When parents are at their wit’s end, they sometimes think child welfare can do a better job controlling their teens than they can. Priti Kataria,director of the ACT Project (Adolescents Confronting Transition) for older youth at Lawyers For Children, cautions parents against voluntarily placing teens in foster care:
Sometimes parents decide to seek help from child welfare when they have seen their teen’s situation get worse and worse. The child is rebelling, testing, staying out late, not going to school. Parents have a lot of anger. They’re exhausted.
At that point, some parents are just done. Some don’t even come to court appearances once the child is placed in foster care. But other parents are clearly hoping that the child will get mental health services and structure through foster care placement. Sometimes they hope that being in foster care will give their child a new appreciation for actually being a part of a family.
Some of these are parents who adopted from foster care and are returning those children to foster care now that they’re teens. Sometimes foster parents are pressured to adopt, or they adopt without understanding how trauma and foster care placement can affect children when they become teens. Then, when that child starts acting out, the adoptive parent places that child back in care.
Hit or Miss
Although some young adults in foster care can thrive because they want and need the support services that foster care can provide, foster care placement often falls far short of its promise to help. Sometimes the behaviors that parents want to “cure” will actually get worse. In group homes or residential treatment centers where most older youth wind up, the level of service and supervision is hit or miss. Very often, young people in care will be surrounded by other youth who are in pain and acting out. There’s gang involvement. There’s theft. There’s running away. That kind of environment can affect a teen’s behavior.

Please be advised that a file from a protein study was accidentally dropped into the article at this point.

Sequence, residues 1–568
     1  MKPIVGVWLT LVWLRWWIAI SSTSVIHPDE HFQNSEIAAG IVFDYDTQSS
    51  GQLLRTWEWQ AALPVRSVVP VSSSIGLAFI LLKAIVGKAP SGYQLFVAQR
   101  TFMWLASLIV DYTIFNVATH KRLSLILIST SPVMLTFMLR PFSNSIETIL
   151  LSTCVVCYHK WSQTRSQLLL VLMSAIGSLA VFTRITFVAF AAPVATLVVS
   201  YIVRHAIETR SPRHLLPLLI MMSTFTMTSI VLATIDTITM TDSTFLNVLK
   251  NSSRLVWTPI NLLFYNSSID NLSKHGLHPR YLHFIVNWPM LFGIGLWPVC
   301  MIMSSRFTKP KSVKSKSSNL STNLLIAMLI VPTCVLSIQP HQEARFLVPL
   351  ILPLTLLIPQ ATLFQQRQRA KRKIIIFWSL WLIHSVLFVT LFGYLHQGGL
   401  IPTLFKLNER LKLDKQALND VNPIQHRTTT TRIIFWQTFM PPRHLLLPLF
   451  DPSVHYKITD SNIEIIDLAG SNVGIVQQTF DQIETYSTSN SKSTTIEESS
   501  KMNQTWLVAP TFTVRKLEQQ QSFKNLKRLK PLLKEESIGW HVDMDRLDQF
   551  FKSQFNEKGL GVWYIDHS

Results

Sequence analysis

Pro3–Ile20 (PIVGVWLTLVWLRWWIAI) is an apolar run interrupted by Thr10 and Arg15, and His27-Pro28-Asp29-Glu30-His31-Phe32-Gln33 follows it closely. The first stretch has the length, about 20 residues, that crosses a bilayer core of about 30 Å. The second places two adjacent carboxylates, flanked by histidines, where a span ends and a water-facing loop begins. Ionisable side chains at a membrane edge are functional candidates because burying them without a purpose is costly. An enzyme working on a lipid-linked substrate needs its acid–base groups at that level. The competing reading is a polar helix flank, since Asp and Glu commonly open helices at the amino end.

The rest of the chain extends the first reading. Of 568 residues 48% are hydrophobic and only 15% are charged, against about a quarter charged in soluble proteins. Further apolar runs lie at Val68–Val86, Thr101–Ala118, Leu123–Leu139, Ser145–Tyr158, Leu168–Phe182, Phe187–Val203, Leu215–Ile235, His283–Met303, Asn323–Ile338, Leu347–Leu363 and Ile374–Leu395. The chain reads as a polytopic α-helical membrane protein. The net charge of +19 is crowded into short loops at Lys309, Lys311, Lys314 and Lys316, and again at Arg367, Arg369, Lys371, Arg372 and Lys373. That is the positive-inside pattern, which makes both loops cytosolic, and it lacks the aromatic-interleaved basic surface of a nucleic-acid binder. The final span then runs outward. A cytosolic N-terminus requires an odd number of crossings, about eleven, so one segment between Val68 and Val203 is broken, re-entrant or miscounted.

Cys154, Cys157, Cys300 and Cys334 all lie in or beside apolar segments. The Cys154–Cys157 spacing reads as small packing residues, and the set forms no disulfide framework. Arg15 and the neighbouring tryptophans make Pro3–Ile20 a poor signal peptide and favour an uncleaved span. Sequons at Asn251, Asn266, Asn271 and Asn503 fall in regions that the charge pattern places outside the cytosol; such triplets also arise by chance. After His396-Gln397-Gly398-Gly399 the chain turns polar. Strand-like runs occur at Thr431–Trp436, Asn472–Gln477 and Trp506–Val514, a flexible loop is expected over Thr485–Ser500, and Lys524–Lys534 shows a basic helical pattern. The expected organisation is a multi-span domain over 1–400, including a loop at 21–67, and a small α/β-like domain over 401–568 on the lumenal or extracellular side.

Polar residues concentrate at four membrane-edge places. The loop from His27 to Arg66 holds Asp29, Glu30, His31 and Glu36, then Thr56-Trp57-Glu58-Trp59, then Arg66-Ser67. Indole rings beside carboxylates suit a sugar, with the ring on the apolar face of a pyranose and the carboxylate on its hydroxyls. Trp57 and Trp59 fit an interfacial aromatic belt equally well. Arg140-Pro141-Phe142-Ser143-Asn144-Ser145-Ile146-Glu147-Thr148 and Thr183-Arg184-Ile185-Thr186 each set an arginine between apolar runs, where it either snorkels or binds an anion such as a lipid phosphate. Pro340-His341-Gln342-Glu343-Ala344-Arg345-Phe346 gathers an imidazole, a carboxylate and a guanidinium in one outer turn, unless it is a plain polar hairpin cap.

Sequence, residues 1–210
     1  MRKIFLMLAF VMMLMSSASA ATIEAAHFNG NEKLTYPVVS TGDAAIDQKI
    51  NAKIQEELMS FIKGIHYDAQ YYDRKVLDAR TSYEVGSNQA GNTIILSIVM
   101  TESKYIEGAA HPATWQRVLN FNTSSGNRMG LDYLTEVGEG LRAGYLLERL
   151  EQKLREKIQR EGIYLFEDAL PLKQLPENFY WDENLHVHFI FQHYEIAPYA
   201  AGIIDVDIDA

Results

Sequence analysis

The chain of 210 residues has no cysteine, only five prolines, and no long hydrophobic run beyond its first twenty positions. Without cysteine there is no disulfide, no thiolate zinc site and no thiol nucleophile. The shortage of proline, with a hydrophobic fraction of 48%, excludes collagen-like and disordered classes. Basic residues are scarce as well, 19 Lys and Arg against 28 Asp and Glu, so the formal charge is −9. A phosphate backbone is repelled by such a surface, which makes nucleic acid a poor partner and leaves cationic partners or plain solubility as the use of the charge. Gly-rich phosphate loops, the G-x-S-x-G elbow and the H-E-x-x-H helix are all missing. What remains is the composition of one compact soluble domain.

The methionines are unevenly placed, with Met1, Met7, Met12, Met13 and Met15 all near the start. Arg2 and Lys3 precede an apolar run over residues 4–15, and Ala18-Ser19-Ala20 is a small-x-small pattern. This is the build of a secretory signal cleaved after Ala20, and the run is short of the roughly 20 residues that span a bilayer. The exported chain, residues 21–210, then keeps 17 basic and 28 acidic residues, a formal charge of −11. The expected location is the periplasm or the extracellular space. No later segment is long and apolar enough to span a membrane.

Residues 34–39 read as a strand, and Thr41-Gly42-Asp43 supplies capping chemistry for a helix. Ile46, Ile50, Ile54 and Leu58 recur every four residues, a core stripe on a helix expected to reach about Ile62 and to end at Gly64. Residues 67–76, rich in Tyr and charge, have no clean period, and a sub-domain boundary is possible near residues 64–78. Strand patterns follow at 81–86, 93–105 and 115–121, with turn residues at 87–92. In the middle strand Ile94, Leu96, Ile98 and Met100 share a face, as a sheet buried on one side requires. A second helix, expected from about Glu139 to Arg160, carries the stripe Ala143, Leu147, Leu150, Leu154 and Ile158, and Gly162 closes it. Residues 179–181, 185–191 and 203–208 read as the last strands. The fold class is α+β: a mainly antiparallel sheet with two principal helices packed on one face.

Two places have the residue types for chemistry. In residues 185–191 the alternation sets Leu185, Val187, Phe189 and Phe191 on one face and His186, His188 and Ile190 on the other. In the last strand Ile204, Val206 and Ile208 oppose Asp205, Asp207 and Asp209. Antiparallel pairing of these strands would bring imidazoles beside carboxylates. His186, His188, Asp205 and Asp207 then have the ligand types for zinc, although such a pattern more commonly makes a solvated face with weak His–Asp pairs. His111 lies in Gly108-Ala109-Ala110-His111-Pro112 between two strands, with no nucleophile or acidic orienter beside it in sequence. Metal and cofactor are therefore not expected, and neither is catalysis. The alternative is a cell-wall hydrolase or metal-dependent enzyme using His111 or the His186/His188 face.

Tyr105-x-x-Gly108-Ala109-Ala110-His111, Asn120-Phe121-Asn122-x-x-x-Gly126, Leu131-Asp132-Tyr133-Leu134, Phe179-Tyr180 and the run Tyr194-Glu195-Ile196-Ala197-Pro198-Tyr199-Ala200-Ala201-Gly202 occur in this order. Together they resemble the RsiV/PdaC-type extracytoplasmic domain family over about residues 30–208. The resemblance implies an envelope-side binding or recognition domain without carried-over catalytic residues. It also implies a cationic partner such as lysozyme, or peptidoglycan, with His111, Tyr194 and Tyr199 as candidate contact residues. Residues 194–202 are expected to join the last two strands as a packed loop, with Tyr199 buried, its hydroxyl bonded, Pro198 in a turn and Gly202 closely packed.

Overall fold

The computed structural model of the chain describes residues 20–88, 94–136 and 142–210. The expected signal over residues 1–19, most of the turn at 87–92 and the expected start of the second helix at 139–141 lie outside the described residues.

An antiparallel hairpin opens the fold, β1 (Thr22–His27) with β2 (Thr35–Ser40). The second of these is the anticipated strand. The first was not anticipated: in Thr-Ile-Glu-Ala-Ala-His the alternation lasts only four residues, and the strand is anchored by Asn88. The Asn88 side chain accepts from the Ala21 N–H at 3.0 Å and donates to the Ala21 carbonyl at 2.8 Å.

Many agencies don’t have their own mental health staff, either, and rely on local clinics. Teens in care often face the same long waiting lists for mental health services as they would if they were home.
Perhaps most importantly, there’s the trauma to the parent-child relationship. A lot of times teens will say, “If I’m here, why should I even bother trying?” Even if they don’t show it, placement in foster care can make a youth feel abandoned and create a lifelong struggle to regain confidence and acceptance.
Seek Supports at Home
Some teens really do need the support and services that an appropriate placement can provide and some parents who are ill or otherwise struggling simply must turn to the foster care system for help. Some agencies have in-house staff psychiatrists and psychologists, and some smaller therapeutic settings can provide welcome structure and supervision. However, in most cases, the medicine a parent seeks can often be more harmful than the cure they are hoping for.
For more information about accessing supports for families of teens, see “Taking Back Our Teens.”